"While there is positive news in today's report, job creation is far too slow and the unemployment rate is far too high," he said. (By itself, that sentence would not be out of place in the administration's response.)
Boehner also pointed to a report, crafted by Obama aides two weeks before he took office, that forecast 5.6 percent unemployment by now if Congress approved a roughly $775 billion stimulus package. (The final package, approved by lawmakers a few months later, ran about $800 billion.)
"Instead, after four years of spending, taxing and red tape, millions of Americans remain jobless, underemployed or have simply given up looking for work," the speaker said.
"We know that the Republicans are going to come up with a million different ways to spin progress in an unflattering way," Obama campaign spokeswoman Jen Psaki responded. "But the fact is that we've come too far to go back to the failed policies that Mitt Romney and Speaker Boehner are advocating.
"The president himself thinks we need to do more. That's why we need to move forward on passing the American Jobs Act," she added, referring to Obama's economic growth package, which has stalled in Congress.
Democratic Senate Majority Leader Harry Reid declared that the jobs figures proved Obama's policies "are working to move our economy forward."
"We still have a lot of work to do, but with unemployment dropping below 8 percent to the lowest level in four years, our economy is on the right track," Reid said in a statement.
"These positive numbers are a clear sign that President Obama's recovery policies are working, and the American people need his leadership now more than ever," House Democratic Whip Steny Hoyer agreed. "However, we cannot be satisfied by these gains alone, and we must do more."
"While today's unemployment report offered some encouraging news, it simply isn't good enough. 7.8% unemployment should not be cause for celebration," Republican House Majority Leader Eric Cantor said in a statement. "High unemployment should not be the new normal."
The White House's first public response was cautious. Obama spoke at a rally here before heading to another campaign event in Ohio, which drew 9,000 people despite a steady rain. Both candidates see these two states as pivotal battlegrounds where the election could be decided.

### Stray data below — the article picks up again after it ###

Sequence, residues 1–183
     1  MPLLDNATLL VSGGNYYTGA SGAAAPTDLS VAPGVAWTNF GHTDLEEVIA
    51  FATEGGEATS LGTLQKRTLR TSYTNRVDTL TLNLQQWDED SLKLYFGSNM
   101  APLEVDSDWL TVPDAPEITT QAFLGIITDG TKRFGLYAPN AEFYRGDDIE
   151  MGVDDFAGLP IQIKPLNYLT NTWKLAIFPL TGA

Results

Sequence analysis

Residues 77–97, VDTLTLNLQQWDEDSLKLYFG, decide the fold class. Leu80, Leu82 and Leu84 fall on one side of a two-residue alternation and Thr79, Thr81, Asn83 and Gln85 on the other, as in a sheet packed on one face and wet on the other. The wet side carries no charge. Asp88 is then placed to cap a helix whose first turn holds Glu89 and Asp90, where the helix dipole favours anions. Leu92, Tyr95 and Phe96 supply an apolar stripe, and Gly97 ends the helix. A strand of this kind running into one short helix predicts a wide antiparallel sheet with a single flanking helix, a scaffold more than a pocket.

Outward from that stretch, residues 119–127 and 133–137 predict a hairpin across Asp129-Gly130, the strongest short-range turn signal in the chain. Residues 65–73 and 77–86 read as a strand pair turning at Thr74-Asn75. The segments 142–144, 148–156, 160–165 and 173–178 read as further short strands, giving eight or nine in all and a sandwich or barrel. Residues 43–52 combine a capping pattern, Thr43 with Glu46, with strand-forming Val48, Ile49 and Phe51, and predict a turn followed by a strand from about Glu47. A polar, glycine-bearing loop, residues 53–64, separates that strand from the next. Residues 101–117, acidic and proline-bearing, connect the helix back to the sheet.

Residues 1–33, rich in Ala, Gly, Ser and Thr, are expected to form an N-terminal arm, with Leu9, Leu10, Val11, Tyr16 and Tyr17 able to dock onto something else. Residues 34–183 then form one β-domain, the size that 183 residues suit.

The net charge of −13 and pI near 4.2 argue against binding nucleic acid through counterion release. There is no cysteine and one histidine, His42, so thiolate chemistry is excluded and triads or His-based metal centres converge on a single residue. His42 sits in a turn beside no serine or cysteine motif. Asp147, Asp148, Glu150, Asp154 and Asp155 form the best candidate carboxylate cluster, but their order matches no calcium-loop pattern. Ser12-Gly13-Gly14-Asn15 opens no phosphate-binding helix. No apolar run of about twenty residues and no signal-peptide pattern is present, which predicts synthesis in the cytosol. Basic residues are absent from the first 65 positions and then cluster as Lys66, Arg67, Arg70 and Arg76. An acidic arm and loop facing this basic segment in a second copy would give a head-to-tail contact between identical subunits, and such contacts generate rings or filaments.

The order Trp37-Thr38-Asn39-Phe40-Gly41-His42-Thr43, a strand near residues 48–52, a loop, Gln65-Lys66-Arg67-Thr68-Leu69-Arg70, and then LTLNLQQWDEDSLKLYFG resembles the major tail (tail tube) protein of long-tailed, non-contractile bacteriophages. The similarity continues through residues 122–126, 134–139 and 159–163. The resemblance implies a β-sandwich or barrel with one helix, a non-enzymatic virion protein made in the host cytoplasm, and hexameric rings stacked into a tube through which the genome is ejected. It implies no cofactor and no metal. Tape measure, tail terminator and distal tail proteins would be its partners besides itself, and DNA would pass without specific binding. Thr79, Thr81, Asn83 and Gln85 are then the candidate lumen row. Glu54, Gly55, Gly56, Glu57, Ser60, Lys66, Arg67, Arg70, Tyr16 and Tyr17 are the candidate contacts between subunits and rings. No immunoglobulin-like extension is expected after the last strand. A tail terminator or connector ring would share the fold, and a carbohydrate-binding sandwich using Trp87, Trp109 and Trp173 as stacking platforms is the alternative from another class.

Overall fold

But while the jobs report painted a mixed picture with uncertain political ramifications, some conservatives sounded downright panicked.
Former General Electric CEO Jack Welch tweeted his suspicion that the Labor Department had doctored the numbers because of Obama's sluggish debate performance on Wednesday.
"Unbelievable jobs numbers..these Chicago guys will do anything..can't debate so change numbers," Welch tweeted, without providing any evidence for a claim quickly dismissed by experts—including Republicans—as lunacy.
"No serious person would question the integrity of the Bureau of Labor Statistics," Alan Krueger, chairman of Obama's Council of Economic Advisers, told Bloomberg. "These numbers are put together by career employees who use the same process every month. I think those comments are irresponsible."
At the Ohio event Obama also reprised his attack on Romney's vow, during their first debate faceoff on Wednesday, to cut government aid to PBS.
"For all you moms and kids out there, don't worry: Someone is finally getting tough on Big Bird. Rounding him up. Elmo has got to watch out, too," Obama said. "Gov. Romney plans to let Wall Street run wild again, but he's going to bring down the hammer on 'Sesame Street.'"
While Obama was widely seen as the loser on Wednesday, his campaign has been fighting to make that the defining line of the debate. A campaign aide noted that the entertainment media, which has millions of viewers and readers, really noted only Romney's "Big Bird" comment—and both politicians' comments about the Obamas' wedding anniversary. And at a time when Obama has been courting women voters to widen his "gender-gap" advantage over Romney, the president's campaign sees a special political value to an issue that appeals to moms.
"Everybody loves Big Bird," the aide said.